Dylan Shepard revels in the flurry of blurred nights out in the city with friends as she grapple thoughts of aging, sexuality, and identity. As the night goes on – Dylan finds that she won’t have too many of these violent weekends for much longer and tries to hold on to the moment.

Official YouTube Selection

Subscribe to our Channel

Director’s Vision for ‘These Violent Weekends’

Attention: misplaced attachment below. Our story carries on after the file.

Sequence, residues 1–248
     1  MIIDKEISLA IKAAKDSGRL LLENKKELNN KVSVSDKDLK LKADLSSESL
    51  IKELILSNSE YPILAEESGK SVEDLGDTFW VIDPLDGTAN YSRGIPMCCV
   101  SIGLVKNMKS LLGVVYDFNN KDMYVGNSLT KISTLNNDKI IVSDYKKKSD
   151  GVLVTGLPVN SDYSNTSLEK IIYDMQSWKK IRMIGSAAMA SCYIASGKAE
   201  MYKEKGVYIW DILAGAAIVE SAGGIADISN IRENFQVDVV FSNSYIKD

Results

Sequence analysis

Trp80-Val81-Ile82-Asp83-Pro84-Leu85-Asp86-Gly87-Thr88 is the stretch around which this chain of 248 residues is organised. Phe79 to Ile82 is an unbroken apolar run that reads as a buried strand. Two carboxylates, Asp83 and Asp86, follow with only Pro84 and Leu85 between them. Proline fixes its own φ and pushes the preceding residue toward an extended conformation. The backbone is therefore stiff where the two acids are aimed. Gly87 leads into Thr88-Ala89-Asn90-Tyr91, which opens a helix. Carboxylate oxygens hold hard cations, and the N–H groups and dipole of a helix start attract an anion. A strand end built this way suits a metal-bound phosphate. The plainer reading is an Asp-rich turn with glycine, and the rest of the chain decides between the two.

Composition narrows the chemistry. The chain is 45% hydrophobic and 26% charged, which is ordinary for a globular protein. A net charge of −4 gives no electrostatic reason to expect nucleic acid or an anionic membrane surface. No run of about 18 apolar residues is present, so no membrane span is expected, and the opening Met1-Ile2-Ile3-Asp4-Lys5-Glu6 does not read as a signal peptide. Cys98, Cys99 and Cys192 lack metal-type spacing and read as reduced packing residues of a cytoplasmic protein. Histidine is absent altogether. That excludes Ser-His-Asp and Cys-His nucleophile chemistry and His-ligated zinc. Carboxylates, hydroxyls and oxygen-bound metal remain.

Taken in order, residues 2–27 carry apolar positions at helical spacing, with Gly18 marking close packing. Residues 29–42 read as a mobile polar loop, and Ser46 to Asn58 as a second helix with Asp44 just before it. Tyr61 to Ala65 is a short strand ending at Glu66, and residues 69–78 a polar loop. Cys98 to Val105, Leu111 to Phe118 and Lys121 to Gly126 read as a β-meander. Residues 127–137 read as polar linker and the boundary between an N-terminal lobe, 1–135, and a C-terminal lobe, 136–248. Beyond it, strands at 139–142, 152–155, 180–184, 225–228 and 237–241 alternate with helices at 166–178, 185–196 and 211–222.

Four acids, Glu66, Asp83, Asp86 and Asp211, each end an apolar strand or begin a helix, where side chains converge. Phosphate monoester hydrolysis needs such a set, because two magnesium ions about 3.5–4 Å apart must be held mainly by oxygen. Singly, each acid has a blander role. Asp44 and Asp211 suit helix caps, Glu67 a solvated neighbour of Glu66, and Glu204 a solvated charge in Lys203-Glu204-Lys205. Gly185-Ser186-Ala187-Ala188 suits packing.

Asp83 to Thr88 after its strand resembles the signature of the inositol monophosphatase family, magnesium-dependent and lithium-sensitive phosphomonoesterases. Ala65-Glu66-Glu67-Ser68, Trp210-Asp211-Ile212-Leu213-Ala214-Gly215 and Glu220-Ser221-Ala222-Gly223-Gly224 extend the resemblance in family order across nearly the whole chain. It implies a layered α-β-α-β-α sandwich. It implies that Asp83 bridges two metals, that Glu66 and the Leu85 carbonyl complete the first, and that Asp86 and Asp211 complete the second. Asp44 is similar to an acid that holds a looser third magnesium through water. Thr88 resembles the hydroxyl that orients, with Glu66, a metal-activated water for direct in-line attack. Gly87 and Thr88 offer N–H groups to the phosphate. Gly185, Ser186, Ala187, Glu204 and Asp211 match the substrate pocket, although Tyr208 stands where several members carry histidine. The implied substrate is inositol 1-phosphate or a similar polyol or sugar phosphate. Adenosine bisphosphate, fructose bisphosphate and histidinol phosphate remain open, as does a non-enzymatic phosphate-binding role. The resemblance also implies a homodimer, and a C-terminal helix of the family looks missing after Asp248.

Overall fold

This film is an ode to being twenty-six. Or rather, to be twenty-six in Manhattan. My birthday last year really made me reflect on all things concerning growing older, relationships (platonic and romantic) to others and to myself. It made me wonder if I’d really grown in all the time since I was a teenager or if I’d just let life subsume over me like a wave. The things that stood out to me were the nights I could barely remember, with people I admired and loved and loved to be around – especially in the little hours of the morning sitting in small apartments laughing and telling stories. And if it was anything I knew these were the experiences that shaped my adulthood and what my films are primarily about. The week before my birthday I ended up writing this piece. I didn’t know whether or not to let it sit or to actually go out and make it. Then months later I met a few of the wonderful cast members – namely Em Marie and Violette Trotter and thought about their personalities and dynamics and how well it would play into the story I’d written. In a few weeks we were on set with the most lovely small cast and crew. The shoot was so simple and easy and the first one I shot myself in a really long time and I forgot how much I’d loved to do so. We spent the night quite like the characters in the film – going out, running through the rain, in and out of clubs, catching trains, and drinking. So here’s to twenty-six. May there be more nights spent making things I love surrounded by friends.